Travis Van Slooten: So the message here – and this is where I wanted to get to and I’m glad that we’re going there – is the message we’re sending here is — because I know it’s semantics, but if you were diagnosed with afib you have afib but then there are the actual episodes. To my mind they are two different things like I have afib but I’m not always in afib, I don’t always have episodes, at least for some people. So for the person that, okay, they’ve been diagnosed with afib but they’re not, they don’t have episodes all the time, in other words, they’re paroxysmal, the course of action may be fine to just stick with the drugs, but the key should be you’re taking those drugs, as you mention Steve, to get out of afib but not just stay in afib and make it tolerable.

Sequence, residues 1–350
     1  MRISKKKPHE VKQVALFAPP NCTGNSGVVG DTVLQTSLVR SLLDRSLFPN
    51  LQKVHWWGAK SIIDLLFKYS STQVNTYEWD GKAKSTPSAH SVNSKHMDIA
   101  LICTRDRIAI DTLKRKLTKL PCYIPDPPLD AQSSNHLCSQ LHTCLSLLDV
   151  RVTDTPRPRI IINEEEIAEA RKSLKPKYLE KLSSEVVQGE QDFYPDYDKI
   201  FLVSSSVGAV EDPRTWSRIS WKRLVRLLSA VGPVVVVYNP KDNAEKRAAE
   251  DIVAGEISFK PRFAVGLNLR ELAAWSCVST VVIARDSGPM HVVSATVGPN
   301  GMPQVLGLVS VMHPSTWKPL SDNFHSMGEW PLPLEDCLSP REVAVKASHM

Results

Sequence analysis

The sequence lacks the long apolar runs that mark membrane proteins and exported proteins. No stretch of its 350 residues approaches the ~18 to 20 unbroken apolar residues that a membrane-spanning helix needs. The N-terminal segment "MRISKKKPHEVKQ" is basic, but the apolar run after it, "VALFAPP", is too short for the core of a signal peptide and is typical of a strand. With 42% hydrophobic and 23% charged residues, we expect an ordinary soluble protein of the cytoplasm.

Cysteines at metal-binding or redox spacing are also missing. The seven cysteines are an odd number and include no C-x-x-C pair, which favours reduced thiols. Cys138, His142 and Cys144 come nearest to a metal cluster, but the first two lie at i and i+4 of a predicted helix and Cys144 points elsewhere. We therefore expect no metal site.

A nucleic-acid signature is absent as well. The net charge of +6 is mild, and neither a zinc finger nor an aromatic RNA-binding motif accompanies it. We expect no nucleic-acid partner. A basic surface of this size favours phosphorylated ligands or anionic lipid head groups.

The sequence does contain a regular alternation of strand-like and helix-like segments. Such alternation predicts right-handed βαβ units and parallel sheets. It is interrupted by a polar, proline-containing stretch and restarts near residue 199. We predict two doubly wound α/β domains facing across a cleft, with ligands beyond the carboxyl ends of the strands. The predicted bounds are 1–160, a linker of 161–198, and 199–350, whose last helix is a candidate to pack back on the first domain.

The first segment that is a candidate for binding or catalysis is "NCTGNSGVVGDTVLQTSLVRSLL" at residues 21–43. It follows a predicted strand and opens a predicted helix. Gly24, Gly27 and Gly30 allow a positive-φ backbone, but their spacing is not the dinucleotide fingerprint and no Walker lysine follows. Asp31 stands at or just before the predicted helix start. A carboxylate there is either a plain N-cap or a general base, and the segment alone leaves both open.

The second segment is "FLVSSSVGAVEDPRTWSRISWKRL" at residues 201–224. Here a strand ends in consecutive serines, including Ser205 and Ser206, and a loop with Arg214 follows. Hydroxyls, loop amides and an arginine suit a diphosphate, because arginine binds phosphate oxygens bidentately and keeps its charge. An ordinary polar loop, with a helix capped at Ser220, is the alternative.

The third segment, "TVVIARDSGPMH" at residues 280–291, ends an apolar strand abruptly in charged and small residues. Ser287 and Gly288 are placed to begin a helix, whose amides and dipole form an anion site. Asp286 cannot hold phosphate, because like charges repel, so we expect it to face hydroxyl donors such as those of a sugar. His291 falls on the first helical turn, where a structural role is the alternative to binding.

Dr. Steve Ryan: Right, and of course we must say that anti-arrhythmic drugs are very imperfect, there’s no magic pill that anyone can take that will cure them of atrial fibrillation so they never have to worry about it again. The problem with today’s anti-arrhythmic drugs is that they don’t work or if they do work for a time they lose their effectiveness eventually, or they have bad side effects that they get impossible to take them. And they’ve done a number of studies where they have compared catheter ablation to taking anti-rhythmic drugs, and catheter ablation is much more healthy. It’s, you know, all the bad things that can come from staying like a lifetime on anti rhythmic drugs versus a catheter ablation where you’re cured of afib and you don’t have to worry about it anymore, there’s no comparison.